I’ve been writing a column in one form or another for over two decades, and every year in late November I have to dust off my Santa hat and write about the upcoming holidays before we’ve even had Thanksgiving. I have always had a resistance to getting into the festive spirit too early, so writing a Christmas column is a bit of a trial. It’s like briefly opening a present you don’t really want to see, taking a quick peek, and then wrapping it up again to wait for a more appropriate time.
I also have to be careful not to repeat myself, which isn’t easy after twenty years of writing about the same thing. At the core of celebrating Christmas are the traditions. Those things that you do over and over again every year. We look forward to doing the same things we did last year: decorate the tree, have Christmas Eve drinks in town, welcome far-flung family home, pop over to friends and neighbours on Stephen’s day, have people over for eggnog. Tinsel and Fairy lights as you stroll around a market. Last minute shopping in crowded shops blaring carols. And – let’s face it – excess. Excess food, drink, presents and people.
There is little chance that my 2020 Christmas column will repeat anything I’ve written before. Excess and pandemics do not mix. As I write, we are just coming out of a six-week lockdown. I should feel elated, and ready to jump into the mad swirl of the season, but the uncertainty of what exactly the situation will be makes looking forward to the holidays a bit difficult. The government has warned us that it will not be like other years. It has tried to comfort us by saying that we can still have a ‘meaningful’ Christmas. Whatever that means…
Frankly if I had a choice, I’d take over-the-top festive excess over meaningful any day.
Celebrating Christmas is more than just presents and turkey. In a secular household like ours, it also marks a fitting blow out to the year. A time to reflect on the year that’s past, and look forward to the year ahead together. The operative word is together. This year more than most, people need to get together. Every time I watch the SuperValu ad where the little boy hopes his Grandad will make it for Christmas, it brings a tear to my eye. Will we be able to visit friends? Will we be able to go to the pub for a sing-song? What will Christmas be without the craic in town?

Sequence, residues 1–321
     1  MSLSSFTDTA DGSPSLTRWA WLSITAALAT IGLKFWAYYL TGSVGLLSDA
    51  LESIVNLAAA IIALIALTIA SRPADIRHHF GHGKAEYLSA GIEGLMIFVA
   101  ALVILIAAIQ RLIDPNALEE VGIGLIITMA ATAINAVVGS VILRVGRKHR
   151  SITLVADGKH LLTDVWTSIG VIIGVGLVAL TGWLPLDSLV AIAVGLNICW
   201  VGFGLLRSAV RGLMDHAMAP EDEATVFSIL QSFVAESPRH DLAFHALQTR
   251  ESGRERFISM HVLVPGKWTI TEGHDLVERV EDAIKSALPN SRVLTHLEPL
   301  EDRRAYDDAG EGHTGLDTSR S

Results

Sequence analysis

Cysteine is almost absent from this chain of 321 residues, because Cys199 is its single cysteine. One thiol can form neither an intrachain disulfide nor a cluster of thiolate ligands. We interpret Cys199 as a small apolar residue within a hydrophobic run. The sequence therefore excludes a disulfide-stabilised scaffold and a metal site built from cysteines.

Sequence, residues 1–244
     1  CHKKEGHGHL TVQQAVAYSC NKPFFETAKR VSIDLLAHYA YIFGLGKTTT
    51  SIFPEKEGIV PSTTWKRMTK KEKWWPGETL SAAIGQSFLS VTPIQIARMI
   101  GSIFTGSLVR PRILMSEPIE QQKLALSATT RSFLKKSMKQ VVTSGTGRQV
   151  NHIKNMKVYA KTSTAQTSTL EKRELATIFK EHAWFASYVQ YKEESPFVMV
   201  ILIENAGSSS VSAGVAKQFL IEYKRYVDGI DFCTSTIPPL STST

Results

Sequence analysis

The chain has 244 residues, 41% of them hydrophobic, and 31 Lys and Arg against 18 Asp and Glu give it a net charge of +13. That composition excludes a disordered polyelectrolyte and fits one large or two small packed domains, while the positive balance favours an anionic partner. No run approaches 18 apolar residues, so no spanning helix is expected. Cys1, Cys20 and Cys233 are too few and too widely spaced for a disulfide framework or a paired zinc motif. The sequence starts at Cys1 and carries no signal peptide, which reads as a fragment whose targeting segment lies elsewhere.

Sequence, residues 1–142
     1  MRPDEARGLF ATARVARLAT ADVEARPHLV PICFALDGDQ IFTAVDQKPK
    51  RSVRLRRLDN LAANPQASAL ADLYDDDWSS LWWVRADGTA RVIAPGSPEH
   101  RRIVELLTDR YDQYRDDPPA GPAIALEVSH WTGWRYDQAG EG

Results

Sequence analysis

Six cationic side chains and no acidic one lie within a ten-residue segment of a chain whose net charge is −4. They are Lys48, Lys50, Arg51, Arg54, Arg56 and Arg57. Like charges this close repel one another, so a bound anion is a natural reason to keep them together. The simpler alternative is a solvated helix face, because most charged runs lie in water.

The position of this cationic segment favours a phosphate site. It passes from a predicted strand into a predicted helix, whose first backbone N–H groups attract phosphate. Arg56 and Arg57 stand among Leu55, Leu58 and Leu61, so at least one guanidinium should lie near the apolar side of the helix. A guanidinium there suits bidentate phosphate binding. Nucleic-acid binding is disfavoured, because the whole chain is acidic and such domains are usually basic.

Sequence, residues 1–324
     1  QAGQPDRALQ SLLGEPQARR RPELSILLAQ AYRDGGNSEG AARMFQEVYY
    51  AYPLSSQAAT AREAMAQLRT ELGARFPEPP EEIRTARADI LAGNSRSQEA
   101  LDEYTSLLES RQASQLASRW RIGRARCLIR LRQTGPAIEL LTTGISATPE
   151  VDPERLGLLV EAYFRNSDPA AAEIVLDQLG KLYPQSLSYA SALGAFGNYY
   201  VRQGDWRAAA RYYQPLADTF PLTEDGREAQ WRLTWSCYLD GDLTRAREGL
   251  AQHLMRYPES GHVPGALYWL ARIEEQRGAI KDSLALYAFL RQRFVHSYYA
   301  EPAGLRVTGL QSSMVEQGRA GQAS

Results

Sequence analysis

Still I’m not going to be a Scrooge and complain. Too many families will have people missing at their table this year. Some will not be able to come home, others have passed away this dreadful year. In fact, thanks largely to the pandemic, we’ll have all four daughters at home this Christmas. Having the entire family around the table when you have grown-up children is a rare blessing indeed. One year we had one daughter in Australia and another in Edinburgh. We set up the laptop at the table, but it only made their absence more obvious. Two years ago, we had no one home and it was horrible. I could barely bring myself to decorate a tiny tree and could not imagine how to celebrate without them. Thankfully, friends invited us over for their family Christmas and I enjoyed the day despite it being the first time I had not been in my own home with my girls.
I’m hoping that in the next few days we’ll get more certainty as to what level of restrictions will be imposed. By the time you read this, we’ll know what the story is and can begin to plan a way to have the best Christmas in what has been a pretty bad year. Fingers crossed, we’ll find a way to feel the spirit, to share the joy, to celebrate with hope for the year ahead. To see out the year and wish more fervently than ever that next year brings us peace and happiness. We certainly deserve it.
Here’s wishing you “a merry little Christmas”, no matter how small or remote it ends up being.
Stay safe. Shop local. And may the holidays bring many, many tidings of comfort and joy to you and yours.